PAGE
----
I become anxious thinking about large concepts if I do not separate them into bits or pieces of the whole. So it is with years.
Many people talk about their resolution (s) for the year, I cannot do that. If I do, I will exacerbate my breathing each day, as I will view each day as a failure to the whole of the year because if I fail one day, it is to a larger goal–the entire year! Therefore, I must take little slices of a concept, such as the need to decide how I will keep a consistent routine on things. Lets take a few of them.
Exercise. My greatest fault here is that I am inconsistent. If I take a calendar (and I did buy a beautiful desk calendar just for this purpose), I will have to fill in a time for each day I decide to exercise, how long, and in which way. So, I know that I have a tendency to gain weight easily because I sit writing all day. I also love to eat. Thus, the combination creates fat. Therefore, I must write in my calendar: 9am, until 9:45 am, of exercise M-Friday. The routine: quick step walk for 15 minutes, jumping jacks for 5 minutes, and then leg lifts for 5 minutes, then running in place for 10 minutes. Then rotate sit-ups, lunges, and squats for 10 minutes on different days. THAT is a carefully planned exercise plan. But I cannot say I will do it for the entire year. If I miss even one day, I will feel completely inadequate regarding such a large goal. A weekly goal is much more palatable. If I fail within the 5 days, I have a chance to readjust the time, and the quality of exercise, all the while not being consumed with 365 days of potential failure. Mind game, I know, but I am the only one playing, so it’s permissible.
I have grocery shopping, and I hate to do it. I never notice a problem with having no toilet paper, paper towels, toothpaste, etc., until it’s completely gone! Therefore, I must plan the one day per month in which I acquire the necessities, apart from the weekly food items. That means in one of the weeks within the month I will be going to the market or store(s) in a week, with two shopping lists, but the other weeks only one. I simply post in my calendar the best day for such an excursion, say: Thursdays each week, but for the monthly necessities, I buy them also on the last Thursday of the month.
Calling clients should always be marked on a calendar. Not because I won’t remember, though I won’t. But because I must make a note of when it was, and what the conversation was about, and mark a note as to anything I have to do to carry the next conversation with them further. Also, I can assess what it is I am doing well with my clients, and what it is I am doing poorly, by the notes on conversation pieces.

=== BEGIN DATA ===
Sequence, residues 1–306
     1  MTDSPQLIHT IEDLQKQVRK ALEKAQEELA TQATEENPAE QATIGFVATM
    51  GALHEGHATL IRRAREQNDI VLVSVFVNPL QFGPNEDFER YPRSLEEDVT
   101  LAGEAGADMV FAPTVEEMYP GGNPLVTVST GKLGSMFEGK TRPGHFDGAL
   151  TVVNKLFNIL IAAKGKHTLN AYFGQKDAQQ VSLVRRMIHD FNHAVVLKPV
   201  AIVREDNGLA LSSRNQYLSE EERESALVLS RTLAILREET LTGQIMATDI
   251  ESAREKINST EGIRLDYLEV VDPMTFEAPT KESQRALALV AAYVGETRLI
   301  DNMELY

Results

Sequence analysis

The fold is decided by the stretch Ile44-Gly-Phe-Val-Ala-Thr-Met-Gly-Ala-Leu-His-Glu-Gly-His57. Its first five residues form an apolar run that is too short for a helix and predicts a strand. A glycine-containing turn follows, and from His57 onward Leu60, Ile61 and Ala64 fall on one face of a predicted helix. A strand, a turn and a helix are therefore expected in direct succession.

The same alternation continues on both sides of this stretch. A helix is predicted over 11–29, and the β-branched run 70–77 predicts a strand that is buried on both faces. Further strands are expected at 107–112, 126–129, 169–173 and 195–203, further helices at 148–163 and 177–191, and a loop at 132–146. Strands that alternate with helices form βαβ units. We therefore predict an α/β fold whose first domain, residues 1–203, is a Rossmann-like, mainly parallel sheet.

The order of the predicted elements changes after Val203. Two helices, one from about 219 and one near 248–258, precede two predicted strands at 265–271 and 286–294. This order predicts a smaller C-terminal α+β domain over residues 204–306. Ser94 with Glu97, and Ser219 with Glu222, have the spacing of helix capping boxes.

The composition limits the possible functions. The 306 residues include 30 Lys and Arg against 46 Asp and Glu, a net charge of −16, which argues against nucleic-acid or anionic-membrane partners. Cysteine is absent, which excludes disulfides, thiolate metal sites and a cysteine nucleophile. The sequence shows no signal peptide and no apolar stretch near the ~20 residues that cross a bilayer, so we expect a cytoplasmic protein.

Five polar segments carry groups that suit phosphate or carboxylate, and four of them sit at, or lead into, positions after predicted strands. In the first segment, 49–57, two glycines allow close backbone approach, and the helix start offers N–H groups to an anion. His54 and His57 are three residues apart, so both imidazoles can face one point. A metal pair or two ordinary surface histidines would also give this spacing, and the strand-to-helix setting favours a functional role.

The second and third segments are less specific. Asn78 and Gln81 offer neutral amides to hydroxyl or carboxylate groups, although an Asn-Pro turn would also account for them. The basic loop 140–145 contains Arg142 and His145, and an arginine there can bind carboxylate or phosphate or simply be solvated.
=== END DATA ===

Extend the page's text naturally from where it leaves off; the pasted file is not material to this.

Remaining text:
These things seem trivial, and many may say: “Don’t sweat the small stuff, and it’s all small stuff,” good advice from the famous author and guru of the book so titled, the author Richard Carlson, Ph.D. However, one may be OVER simplifying Dr. Carlson’s meaning. It is true we should not panic and get overwhelmed by small things such as I have mentioned above. But it is not true we should ignore careful planning such as above-mentioned, because when we are over extended in some way or some day, or if some thing comes up that delays our plans and kick us off balance, we have already done “the small stuff,” while in the comfort of our own scheduled plans in our calendar, and during the unbothered period of time, that we never do get into a sweating position with the small stuff, as the big things run smoothly because the little things have already been accounted for and are planned carefully and executed automatically then.
So I have decided, and perhaps one may call this my New Year’s resolution, to keep a calendar filled for the first week each week, and be consistently keeping each week planned in advance. I will let you know how it turns out next week. Cheers!